Demand vs. offer
Before you start a physical search for your new home, you should get a good grasp of the rental market so you know whether there is an abundance of suitable properties to choose from or that you will need to act quickly as properties come up for rent. Managing your expectations is an important element of preparing for your home search.
Ghana now has a proven record for peace, security and economic development, with a sizable domestic market. Accra is also becoming the regional hub for business in West Africa. With numerous foreign companies, entrepreneurs, multinationals and institutions coming in and/or setting-up regional HQ’s in Ghana and the “oil boom” only aggravating the situation, the number of expatriates has steadily been growing and so has the demand for rental properties of international standards. On the other end, the offer is evolving with a residential real estate sector in full gear and on-going construction you will easily witness: condominiums and townhouses complexes, and single homes in a lesser extent, are being built in all areas where expats live and in others.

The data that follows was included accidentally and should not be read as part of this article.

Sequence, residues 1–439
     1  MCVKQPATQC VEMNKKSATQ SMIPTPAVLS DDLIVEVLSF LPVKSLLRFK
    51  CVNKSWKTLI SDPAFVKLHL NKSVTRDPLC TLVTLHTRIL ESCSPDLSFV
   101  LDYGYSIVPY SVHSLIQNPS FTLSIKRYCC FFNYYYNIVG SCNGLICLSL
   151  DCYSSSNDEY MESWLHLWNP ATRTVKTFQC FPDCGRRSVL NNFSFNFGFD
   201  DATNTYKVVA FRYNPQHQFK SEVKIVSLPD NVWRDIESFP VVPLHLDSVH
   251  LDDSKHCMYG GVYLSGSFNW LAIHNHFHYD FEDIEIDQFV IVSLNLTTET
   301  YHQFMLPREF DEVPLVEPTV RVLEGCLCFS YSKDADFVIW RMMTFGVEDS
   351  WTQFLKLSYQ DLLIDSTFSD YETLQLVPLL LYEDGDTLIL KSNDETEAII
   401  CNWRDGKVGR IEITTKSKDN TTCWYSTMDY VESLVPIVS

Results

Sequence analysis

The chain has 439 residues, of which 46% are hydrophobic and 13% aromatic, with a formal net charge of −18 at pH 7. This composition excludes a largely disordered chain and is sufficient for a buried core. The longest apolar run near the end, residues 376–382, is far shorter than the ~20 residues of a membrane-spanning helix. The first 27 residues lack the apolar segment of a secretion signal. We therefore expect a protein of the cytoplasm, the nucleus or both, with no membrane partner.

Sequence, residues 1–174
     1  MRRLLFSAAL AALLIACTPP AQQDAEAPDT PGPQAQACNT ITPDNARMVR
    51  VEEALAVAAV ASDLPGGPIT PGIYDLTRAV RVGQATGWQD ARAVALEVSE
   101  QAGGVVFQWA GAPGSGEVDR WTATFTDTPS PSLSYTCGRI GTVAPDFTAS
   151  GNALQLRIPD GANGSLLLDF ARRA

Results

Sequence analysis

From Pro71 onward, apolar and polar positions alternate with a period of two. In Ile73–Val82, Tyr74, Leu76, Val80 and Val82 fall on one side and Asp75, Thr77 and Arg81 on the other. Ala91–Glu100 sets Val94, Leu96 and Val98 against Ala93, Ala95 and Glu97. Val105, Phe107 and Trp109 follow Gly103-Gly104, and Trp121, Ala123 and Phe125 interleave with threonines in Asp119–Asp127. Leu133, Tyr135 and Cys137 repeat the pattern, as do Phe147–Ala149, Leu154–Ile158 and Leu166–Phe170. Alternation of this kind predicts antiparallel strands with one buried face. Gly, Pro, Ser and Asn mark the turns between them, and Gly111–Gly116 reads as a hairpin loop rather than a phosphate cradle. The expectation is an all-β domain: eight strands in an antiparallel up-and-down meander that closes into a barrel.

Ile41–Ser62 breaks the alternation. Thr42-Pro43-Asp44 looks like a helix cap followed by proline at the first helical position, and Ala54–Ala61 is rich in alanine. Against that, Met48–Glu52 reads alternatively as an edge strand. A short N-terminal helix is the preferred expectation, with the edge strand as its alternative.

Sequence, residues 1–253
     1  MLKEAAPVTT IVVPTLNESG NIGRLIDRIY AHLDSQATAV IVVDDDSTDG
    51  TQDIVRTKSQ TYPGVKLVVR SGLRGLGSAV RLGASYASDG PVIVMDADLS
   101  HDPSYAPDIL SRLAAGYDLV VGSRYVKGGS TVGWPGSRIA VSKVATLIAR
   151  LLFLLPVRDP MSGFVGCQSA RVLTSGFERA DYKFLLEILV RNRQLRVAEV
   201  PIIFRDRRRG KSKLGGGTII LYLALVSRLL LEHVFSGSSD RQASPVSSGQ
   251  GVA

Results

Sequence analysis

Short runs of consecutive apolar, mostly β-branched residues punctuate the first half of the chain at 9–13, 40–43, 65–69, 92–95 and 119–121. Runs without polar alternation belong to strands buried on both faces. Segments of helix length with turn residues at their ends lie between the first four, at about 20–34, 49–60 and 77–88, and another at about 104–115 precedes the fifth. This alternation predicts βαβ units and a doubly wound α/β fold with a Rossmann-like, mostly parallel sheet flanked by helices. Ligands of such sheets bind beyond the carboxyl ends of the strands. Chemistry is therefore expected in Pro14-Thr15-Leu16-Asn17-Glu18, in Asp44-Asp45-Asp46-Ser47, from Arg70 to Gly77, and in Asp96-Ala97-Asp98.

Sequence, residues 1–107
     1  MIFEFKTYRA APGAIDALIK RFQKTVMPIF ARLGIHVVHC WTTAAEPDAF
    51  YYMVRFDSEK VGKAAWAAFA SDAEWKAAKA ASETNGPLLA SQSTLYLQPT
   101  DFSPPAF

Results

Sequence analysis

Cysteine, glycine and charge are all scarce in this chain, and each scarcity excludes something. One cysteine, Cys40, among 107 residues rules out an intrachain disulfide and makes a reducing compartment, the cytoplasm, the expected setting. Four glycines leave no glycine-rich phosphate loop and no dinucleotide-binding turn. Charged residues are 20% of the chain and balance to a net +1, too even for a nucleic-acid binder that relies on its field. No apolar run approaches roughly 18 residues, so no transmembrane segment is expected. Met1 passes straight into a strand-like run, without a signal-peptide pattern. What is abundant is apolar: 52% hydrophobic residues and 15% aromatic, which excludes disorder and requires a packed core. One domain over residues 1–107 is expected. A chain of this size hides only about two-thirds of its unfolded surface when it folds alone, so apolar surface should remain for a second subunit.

In Accra, the vacancy rate is not close to zero as in Geneva for example: you do not need to rush into a decision on renting such or such property. Taking your time may help you find a property that is better than the first ones you viewed. Considering the sustained demand, we still suggest that you make-up your mind reasonably quickly after visiting a sufficient number of properties, especially in the case of detached houses in prime residential areas.